European ambassadors accredited to Zimbabwe have pledged to support the country’s conservation efforts following pleas from ZimParks for assistance in selling a US$600 million ivory stockpile in Harare.

The country is appealing to the EU to assist in having the unilateral ban on ivory and rhino horn trade imposed by the Convention on International Trade in Endangered Species (CITES) lifted.

Zimbabwe is sitting on more than 136 tonnes of ivory and rhino horns worth over US$600 million, which ironically, Zimbabwe is spending resources protecting 24/7 without unlocking any value.

Meanwhile, if the ivory and rhino horn stockpiles are to be sold, the money generated could be used to support sustainable wildlife conservation for 20 years.

Recently, some of the Western countries’ ambassadors toured the ZimParks ivory stockpile in Harare for them to get an appreciation of the situation.

Last week, ZimParks said they were expecting ambassadors from the United States, Canada, Sweden, Switzerland, Germany, Australia, France, United Kingdom, the European Union and Japan to view the stockpiles.

The ambassadors were given an overall presentation by ZimParks Director General, Dr Fulton Mangwanya, who made an impassioned plea on the need to have the CITES ban lifted.

When elephants are protected, many other wildlife species are also protected as elephants are a keystone species with huge home ranges straddling multiple land use areas, ecologically connecting landscapes.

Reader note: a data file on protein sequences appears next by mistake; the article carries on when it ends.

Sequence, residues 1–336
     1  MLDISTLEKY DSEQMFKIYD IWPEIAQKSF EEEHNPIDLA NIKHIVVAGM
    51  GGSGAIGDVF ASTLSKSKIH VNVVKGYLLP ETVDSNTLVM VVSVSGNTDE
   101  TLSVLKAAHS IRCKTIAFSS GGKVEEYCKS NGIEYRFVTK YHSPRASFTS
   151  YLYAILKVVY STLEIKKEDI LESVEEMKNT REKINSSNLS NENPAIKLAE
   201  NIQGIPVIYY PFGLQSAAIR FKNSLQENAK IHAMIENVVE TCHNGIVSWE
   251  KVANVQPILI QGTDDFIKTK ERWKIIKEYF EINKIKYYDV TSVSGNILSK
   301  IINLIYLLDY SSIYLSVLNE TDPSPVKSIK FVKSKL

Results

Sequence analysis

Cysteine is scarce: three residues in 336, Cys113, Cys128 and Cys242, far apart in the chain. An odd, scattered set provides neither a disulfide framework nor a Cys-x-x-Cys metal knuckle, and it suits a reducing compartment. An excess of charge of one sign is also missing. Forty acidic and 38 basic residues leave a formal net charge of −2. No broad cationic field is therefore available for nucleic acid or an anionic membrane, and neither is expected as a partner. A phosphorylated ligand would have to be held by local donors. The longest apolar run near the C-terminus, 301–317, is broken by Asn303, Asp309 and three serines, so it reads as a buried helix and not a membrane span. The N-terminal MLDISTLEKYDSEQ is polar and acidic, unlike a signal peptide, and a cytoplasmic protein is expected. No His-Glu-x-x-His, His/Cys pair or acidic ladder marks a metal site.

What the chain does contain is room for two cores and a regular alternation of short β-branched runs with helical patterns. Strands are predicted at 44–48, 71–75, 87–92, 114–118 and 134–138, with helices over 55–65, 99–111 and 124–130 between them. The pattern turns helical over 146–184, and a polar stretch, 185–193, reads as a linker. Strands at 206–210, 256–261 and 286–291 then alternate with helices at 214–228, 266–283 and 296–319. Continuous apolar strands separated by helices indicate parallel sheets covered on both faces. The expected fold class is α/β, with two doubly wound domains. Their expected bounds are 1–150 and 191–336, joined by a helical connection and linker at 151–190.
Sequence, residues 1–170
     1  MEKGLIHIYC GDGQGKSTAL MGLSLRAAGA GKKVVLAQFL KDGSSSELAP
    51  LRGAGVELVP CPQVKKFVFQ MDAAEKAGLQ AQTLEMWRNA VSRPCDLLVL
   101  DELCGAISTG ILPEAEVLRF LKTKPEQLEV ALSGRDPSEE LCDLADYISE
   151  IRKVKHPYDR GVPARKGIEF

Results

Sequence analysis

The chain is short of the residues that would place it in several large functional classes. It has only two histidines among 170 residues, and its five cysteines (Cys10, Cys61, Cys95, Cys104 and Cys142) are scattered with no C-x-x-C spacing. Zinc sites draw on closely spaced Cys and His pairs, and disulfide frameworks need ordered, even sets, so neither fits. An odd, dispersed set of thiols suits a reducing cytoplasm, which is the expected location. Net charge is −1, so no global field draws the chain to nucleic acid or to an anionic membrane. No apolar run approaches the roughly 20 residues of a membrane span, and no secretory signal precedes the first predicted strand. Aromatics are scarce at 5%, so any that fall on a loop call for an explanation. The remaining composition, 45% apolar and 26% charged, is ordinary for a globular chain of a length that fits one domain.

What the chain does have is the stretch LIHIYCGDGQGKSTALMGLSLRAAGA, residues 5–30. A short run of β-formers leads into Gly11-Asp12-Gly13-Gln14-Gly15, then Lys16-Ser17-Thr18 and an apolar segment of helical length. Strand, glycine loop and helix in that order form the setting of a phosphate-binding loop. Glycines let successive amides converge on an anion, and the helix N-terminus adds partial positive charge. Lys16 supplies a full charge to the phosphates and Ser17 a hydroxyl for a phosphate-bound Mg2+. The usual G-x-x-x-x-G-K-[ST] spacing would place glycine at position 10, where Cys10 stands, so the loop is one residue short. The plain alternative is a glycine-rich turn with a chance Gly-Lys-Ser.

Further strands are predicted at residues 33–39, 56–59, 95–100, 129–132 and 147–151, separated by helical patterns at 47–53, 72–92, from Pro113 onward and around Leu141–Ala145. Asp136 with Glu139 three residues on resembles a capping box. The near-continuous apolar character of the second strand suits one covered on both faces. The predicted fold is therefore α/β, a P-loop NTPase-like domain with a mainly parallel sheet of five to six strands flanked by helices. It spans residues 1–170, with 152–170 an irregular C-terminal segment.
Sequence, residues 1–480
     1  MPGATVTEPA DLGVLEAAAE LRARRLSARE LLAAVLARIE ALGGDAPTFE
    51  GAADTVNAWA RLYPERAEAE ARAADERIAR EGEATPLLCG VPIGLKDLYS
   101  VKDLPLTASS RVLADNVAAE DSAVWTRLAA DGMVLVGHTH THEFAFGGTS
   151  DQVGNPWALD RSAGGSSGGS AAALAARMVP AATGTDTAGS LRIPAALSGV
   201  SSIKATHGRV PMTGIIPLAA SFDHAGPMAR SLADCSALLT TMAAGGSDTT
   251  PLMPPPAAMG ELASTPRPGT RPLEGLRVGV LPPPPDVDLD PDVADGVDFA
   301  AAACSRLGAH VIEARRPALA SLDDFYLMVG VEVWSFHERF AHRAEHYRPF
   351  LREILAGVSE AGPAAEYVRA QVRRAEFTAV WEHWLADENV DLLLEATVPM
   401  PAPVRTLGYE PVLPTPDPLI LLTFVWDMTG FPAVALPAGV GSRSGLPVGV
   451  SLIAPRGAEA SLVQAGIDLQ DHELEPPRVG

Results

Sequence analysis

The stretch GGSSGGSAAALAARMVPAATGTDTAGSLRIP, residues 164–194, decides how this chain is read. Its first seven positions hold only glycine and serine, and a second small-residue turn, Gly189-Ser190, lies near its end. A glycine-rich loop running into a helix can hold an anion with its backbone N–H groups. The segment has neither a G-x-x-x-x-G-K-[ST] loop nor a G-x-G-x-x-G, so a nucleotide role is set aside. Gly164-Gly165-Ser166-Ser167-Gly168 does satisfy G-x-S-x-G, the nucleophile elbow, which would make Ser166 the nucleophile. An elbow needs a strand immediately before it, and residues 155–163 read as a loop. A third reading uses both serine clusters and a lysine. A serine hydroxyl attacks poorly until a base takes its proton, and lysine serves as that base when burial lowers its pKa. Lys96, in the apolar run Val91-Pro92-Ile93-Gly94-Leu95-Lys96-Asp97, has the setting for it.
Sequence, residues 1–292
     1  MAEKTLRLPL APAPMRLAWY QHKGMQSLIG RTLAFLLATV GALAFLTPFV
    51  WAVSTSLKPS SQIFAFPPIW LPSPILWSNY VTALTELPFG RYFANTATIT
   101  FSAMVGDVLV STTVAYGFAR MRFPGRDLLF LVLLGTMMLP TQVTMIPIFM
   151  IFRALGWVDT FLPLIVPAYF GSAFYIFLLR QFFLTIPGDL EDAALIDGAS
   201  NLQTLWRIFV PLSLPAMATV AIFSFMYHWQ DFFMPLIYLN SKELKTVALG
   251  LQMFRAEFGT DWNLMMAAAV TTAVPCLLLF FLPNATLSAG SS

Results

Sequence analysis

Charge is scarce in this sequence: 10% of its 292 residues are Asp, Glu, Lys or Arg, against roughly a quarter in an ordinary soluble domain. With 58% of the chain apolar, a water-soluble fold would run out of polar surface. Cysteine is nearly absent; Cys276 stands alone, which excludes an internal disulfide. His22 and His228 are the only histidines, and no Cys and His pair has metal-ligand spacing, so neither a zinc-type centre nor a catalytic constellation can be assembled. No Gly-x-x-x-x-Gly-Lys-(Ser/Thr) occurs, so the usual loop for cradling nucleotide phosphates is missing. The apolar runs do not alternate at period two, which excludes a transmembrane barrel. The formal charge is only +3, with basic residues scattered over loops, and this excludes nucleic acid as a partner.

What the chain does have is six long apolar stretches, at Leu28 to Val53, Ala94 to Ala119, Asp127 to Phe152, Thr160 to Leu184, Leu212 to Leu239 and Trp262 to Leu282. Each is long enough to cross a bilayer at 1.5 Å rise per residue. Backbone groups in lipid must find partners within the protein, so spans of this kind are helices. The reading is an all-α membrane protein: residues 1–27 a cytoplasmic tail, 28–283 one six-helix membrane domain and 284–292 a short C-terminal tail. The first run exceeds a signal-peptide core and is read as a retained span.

“If we can unlock the value of the stockpile, all proceeds will go towards implementation of the National Elephant Management Plan covering conservation measures and initiatives aimed at enhancing protection of elephants inside protected areas where approximately 90 percent of the population is found and also in Communal Areas Management Programme for Indigenous Resources (CAMPFIRE) areas where the remainder roams wild and free.

“Since the elephants rely on habitat components beyond the protected area, we need to make a lot of investments to support local communities that are bearing the brunt of living with dangerous wildlife for wildlife to remain a viable land use option through the community lense as they have the power to support elephant conservation outside protected areas, including movement corridors or converting such landscapes into more fragmented and unviable habitat for wildlife.“This is why the CAMPFIRE programme is a priority for us,” he said recently.